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Managing Ignorance About Māori Imprisonment

Chapter
Part of the Critical Criminological Perspectives book series (CCRP)

Abstract

In 2016, New Zealand’s (NZ) prison population reached its highest-ever level of 10,000 people, with over half being Māori. Māori experience prison conditions and treatments that are undoubtedly harmful and, within five years of being released from prison, 80% of Māori are reconvicted. Within a neo-colonial context, this penal capture is normalised.

This chapter considers how Māori imprisonment is systematically ignored and managed by the NZ state. It demonstrates how state violence and the use of incarceration as a means of controlling Māori have been ignored, within colonial and neo-colonial contexts. The chapter charts three main strands of agnosis: (i) an emphasis on Māori deficits and pathologies; (ii) the distorted incorporation of Māori culture into Correctional processes; and (iii) a denial of structural disadvantage, institutionalised racism and state violence as explanations of ‘crime’. Taken together, these forms of knowledge and institutional processes obscure the neo-colonial contexts that propel high rates of Māori imprisonment and entrench systemic disadvantage and marginalisation. The chapter concludes with a consideration of how ignorance has been resisted through the production of alternative knowledge and actions. In particular, it reflects upon the recent successful claim at the Waitangi Tribunal, in which the Department of Corrections was found to have failed in its role to tackle Māori reoffending. It considers the implications of this resistant counter-knowledge to challenge neo-colonial relations of power and the continued penal capture of Māori.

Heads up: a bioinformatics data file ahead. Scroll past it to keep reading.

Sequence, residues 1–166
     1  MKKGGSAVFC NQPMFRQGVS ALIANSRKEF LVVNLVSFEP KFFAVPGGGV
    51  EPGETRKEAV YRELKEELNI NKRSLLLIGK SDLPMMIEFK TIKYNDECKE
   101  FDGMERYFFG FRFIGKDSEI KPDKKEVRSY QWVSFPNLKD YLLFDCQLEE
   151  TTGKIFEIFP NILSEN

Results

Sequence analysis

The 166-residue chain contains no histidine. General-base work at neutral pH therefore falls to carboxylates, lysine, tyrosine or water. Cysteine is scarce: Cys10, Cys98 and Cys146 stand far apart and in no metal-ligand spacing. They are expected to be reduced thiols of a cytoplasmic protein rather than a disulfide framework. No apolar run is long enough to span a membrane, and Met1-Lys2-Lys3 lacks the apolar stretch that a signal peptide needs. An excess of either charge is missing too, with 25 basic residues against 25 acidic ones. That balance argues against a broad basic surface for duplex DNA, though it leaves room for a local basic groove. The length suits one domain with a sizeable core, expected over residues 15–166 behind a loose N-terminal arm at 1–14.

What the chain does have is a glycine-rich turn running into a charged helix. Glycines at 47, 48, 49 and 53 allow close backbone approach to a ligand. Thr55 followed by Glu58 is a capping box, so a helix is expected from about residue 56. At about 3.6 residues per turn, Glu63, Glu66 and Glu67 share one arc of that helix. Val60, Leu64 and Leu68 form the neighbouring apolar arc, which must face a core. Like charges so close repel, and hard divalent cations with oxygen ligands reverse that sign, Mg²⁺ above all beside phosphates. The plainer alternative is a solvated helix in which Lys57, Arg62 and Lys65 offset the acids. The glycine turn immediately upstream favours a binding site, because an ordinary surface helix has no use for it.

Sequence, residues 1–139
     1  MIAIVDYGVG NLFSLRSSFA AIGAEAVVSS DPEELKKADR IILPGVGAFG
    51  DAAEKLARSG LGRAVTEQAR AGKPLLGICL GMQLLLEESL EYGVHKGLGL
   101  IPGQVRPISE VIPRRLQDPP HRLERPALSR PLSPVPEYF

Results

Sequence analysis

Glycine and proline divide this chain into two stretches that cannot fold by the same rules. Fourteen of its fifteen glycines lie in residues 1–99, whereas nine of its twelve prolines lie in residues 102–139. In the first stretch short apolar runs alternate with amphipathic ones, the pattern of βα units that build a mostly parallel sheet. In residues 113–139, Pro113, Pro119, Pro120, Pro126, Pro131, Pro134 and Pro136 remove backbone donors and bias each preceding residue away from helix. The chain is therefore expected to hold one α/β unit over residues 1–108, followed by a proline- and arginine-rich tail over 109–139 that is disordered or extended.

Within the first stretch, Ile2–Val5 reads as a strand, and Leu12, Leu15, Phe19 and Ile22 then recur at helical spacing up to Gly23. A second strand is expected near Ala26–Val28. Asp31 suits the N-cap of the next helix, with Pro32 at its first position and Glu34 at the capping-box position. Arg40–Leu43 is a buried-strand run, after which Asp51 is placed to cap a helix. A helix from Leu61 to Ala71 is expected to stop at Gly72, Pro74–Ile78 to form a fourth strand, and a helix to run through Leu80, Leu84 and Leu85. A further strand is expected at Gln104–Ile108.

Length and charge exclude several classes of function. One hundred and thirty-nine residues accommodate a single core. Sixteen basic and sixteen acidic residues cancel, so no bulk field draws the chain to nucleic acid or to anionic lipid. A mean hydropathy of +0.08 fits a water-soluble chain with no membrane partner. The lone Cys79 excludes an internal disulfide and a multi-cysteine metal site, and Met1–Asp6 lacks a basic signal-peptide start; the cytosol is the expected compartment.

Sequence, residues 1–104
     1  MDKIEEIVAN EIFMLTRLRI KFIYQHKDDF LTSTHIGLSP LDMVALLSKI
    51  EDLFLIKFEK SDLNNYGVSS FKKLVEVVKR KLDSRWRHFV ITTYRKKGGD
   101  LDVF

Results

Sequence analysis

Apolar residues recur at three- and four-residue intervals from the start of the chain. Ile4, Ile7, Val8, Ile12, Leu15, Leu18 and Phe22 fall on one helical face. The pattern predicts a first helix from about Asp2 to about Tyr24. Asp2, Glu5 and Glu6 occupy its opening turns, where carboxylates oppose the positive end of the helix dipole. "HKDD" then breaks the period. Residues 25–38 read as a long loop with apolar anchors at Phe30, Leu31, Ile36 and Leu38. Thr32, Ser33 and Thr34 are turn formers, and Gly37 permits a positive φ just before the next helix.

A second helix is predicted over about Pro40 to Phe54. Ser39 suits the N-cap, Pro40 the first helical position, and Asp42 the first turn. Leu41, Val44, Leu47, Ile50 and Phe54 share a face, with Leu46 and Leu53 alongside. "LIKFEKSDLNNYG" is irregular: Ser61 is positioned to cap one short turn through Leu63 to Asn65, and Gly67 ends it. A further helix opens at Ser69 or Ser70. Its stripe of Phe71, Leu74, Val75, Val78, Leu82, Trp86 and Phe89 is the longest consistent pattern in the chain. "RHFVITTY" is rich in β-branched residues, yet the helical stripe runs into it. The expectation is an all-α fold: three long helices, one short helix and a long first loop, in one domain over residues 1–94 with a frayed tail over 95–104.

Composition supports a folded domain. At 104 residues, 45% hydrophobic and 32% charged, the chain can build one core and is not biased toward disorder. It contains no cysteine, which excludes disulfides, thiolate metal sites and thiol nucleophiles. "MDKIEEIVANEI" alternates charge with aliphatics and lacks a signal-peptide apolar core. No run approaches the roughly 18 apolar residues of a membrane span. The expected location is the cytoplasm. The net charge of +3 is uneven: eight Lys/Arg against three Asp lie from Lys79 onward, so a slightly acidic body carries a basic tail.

Keywords

Maori Imprisonment Agnosis Colonisation Resistance Indigenous culture Over-representation 

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Copyright information

© The Author(s) 2018

Authors and Affiliations

  1. 1.Institute of CriminologyVictoria University of WellingtonWellingtonNew Zealand

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